Counterparties: Even more bad job market news
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Another month, another troubling jobs report. The summary: 115,000 jobs created in March, 8.1% unemployment, 342,000 people leaving the labor force and a labor force participation rate that hasn’t been this low since 1981. (Felix has the rundown of the worrisome implications of people deciding to simply stop looking for work.)
The NYT has a nice Storify of the Twittersphere’s reactions; HuffPost has an even more in-depth liveblog. The award for the most apt reaction to the report goes to the NYT‘s @BCAppelbaum: “What if these are the good times?”
The reaction from analysts and economists, who predicted we’d see about 160,000 jobs created in April, was muted, with a few saying that a warm winter essentially just pulled forward spring hiring to earlier in the year. Ray Stone of Stone & McCarthy (no relation, sadly) suggested some of the shrinking workforce could be chalked up to austerity:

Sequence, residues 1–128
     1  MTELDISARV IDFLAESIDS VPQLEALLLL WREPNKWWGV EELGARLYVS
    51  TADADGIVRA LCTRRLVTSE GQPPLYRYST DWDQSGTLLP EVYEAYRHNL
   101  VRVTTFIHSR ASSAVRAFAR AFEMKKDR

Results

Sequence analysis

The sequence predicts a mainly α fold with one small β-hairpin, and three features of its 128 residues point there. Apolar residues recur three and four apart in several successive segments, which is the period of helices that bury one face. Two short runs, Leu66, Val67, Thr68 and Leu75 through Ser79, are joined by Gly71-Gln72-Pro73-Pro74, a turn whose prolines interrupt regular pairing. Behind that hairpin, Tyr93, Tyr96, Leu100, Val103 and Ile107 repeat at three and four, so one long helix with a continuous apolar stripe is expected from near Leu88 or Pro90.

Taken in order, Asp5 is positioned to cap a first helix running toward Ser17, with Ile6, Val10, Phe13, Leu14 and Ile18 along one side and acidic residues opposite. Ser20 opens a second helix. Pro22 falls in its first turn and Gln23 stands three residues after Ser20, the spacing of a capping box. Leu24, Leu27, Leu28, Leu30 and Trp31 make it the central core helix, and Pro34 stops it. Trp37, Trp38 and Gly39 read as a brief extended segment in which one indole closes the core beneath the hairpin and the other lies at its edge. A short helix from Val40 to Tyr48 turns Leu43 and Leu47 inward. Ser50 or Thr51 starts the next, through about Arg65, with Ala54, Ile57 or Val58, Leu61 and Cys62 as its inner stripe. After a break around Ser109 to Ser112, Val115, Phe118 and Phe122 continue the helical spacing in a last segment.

We suspect the decline in the labor market participation rate is in part an artifact of the exhaustion of extended unemployment benefits, and the related shortening of benefit periods in some states.
The idea of government cutbacks as a drag on the labor market became something of a theme:
@JustinWolfers: “When 106% of jobs lost since January 2009 are in the public sector, should we conclude the stimulus failed, or we never really tried it?”
We’re now short roughly 12 million jobs. In a study released today, Pew reports that 29.5% of the unemployed â€“ some 13.3 million Americans â€“ have been out of work a year or more. Nearly 23 million people couldn’t find work in April.
And on to today’s links:
95% of job losses during the recession came in “middle-skill” occupations â€“ Bloomberg Businessweek